Danny collapsed. He squeezed his eyes shut, willing his heart to stop thudding like a jackhammer against his chest.

A dream. Or something. Had he fallen asleep? Danny didn't remember. If he had, the nightmare had robbed him of any kind of rest. Danny pressed his injured hand against his chest and shuddered.

Crawling back toward the front of the truck, he gathered up the backpack and buried his face in it. Its brown fabric still smelled faintly of Tucker, of homemade cologne and burnt circuitry; the thermoses were two comforting lumps inside. If he tried, he could imagine Sam's smell mixed in there too, a warm smell, somewhere between exotic flowers and old comic books.

After a minute he got up, resting a hand on the side of the truck to steady himself. The confines of the truck were getting to him, that was all. His hand brushed against a thick vinyl strap that hung from a bolt in the side of the truck. Danny picked it up; his thumb pressed against the ridgy fabric, testing the realness of it.

Maybe he could… His eyes wandered up to the roof of the truck. It was probably a waste of energy, definitely risky, but right now, he just wanted out.

Danny took a deep breath, closed his eyes, and found the flickering coolness of his core. Danny wrapped the strap around his waist a couple of times and knotted it. He crouched and sprang, grasping at intangibility. Phasing played tricks on gravity, letting him drift up through the roof on pure momentum.

He dropped the intangibility. Instantly his body was yanked, feet-first, toward the end of the truck. The makeshift tether yanked tight around his armpits. The truck roared and rattled beneath him. Headlights flashed in the darkness. Warm summer air blasted by. Danny lay on his stomach and tried not to retch.

The wooziness passed easier this time. The world stopped careening in circles and settled for hurtling straight along the highway at eighty miles an hour. That was just over cruising speed for a ghost; the familiar onslaught of wind in his face gave Danny a weird, bittersweet feeling. He hadn't flown in months. Probably wouldn't again for… well, a while. At best. If ever. The bitter overtook the sweet, and he rolled on his back instead.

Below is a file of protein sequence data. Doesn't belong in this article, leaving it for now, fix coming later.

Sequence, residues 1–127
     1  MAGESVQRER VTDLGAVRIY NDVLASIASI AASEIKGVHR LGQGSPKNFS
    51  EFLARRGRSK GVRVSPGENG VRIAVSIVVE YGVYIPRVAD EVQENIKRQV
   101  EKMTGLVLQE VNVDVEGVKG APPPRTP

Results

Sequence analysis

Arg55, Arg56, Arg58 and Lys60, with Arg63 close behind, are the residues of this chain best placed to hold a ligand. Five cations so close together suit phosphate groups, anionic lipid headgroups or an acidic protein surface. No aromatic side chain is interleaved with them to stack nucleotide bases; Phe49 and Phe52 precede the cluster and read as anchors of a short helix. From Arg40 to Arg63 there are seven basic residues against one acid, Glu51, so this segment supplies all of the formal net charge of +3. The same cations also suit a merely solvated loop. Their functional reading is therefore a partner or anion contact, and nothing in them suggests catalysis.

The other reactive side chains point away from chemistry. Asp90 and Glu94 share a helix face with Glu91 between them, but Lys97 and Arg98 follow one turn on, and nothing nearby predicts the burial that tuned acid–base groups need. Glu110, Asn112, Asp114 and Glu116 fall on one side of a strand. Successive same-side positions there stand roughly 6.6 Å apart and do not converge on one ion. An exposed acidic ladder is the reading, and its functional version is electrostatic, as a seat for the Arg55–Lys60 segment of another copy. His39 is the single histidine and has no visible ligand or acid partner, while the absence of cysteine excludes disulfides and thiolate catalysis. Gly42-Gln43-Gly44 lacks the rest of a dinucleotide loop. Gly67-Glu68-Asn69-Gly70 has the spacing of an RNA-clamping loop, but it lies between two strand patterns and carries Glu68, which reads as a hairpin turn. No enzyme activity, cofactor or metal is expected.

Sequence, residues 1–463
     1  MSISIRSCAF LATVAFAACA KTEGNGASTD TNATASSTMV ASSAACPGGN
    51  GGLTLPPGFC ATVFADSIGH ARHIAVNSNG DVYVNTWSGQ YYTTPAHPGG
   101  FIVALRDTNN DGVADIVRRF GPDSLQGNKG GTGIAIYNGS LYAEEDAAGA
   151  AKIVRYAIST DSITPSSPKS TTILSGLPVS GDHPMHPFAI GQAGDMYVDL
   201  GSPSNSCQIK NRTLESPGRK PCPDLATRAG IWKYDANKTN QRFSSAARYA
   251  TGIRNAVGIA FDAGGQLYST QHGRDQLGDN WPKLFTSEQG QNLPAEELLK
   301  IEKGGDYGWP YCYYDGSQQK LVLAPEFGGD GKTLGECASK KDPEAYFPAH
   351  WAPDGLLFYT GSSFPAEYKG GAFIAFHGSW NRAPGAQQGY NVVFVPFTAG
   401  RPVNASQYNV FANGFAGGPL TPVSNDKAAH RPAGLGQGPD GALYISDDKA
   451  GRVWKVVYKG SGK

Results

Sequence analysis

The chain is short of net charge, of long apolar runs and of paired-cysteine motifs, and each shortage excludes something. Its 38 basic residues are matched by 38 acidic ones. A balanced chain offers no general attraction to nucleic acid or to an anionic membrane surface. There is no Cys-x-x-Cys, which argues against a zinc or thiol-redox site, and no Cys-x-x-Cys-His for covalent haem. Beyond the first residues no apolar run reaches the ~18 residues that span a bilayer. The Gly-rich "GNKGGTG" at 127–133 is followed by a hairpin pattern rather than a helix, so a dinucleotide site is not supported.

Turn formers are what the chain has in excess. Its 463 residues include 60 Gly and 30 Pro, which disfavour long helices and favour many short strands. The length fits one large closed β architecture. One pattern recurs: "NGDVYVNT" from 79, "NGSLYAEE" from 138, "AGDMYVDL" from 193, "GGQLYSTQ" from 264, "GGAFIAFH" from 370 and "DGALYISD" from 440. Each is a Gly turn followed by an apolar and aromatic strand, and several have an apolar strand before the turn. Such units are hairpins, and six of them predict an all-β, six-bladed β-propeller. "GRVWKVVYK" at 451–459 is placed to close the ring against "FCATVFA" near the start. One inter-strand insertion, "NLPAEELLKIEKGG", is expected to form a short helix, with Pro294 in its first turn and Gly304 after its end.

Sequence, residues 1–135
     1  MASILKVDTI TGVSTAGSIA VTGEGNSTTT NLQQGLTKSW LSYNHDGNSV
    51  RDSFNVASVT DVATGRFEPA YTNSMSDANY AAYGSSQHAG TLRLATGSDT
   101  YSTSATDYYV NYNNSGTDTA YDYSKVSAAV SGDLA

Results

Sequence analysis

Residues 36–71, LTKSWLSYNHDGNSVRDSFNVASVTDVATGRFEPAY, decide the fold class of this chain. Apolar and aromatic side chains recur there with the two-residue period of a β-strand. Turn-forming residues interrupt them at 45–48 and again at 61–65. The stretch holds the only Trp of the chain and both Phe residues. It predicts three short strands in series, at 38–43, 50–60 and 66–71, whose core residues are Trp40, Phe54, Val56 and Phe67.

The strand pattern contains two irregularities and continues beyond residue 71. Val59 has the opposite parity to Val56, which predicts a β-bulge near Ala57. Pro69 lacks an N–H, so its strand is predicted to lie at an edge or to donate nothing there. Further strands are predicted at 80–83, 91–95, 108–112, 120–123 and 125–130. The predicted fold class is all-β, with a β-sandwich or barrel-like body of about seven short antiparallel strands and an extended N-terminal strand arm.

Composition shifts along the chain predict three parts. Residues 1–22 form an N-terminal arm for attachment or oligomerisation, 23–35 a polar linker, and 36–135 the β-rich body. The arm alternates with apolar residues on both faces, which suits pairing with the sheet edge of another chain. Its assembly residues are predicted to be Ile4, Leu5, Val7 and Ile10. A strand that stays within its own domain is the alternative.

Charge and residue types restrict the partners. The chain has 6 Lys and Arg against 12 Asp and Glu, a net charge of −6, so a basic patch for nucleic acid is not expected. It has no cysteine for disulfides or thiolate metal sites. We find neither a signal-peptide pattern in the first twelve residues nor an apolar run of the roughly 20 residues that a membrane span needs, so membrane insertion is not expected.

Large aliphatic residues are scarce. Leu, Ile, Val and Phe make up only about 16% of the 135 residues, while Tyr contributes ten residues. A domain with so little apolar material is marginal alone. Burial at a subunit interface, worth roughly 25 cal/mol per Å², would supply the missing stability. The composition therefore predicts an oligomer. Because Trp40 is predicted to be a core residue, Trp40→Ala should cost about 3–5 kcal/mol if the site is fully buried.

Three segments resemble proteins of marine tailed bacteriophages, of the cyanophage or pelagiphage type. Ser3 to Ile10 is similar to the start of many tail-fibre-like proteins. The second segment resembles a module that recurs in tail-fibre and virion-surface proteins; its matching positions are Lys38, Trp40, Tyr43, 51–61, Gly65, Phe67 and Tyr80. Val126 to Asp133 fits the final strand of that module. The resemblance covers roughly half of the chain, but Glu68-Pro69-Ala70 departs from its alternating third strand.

The world swished by in a dark blur, but up above the night sky held still, calm and empty. They must have left the cities behind, because the stars were brilliantly clear. Danny picked out the easy ones: Orion, Ursa Major and Minor. His eyes wandered from the Little Dipper's tail and found the northern star, and just beyond that, Cygnus. He was heading south, then. As good a direction as any.

Mom had shown him that constellation. A raw ache cut through his chest; images of her hollow, distant face came rushing back, with hands moving in the shadows. Danny pushed the image away, shaking his head. Mom. Back then. She'd shown him Cygnus.

It was too faint to see in an urban sky. They'd driven out fifty miles and stayed up half the night. Then they slept in till eleven and made pancakes with blueberry constellations. Just him and Mom, for a whole weekend. A half smile curled his lips.

That was back when ghosts were just some abstract theory. When inventions were toys to tinker with, not death traps in the making. When things were simpler. When he was simpler. Why couldn't he dream about back then?

Danny stretched out his hands to frame the cluster of stars. His bandaged fingers, awkward and crooked, broke the circle. Sighing, he let them drop to his lap, closing his eyes and listening to the wind whistle by. He wanted to go back. He just didn't know how.

 

Those that Break :: tbc…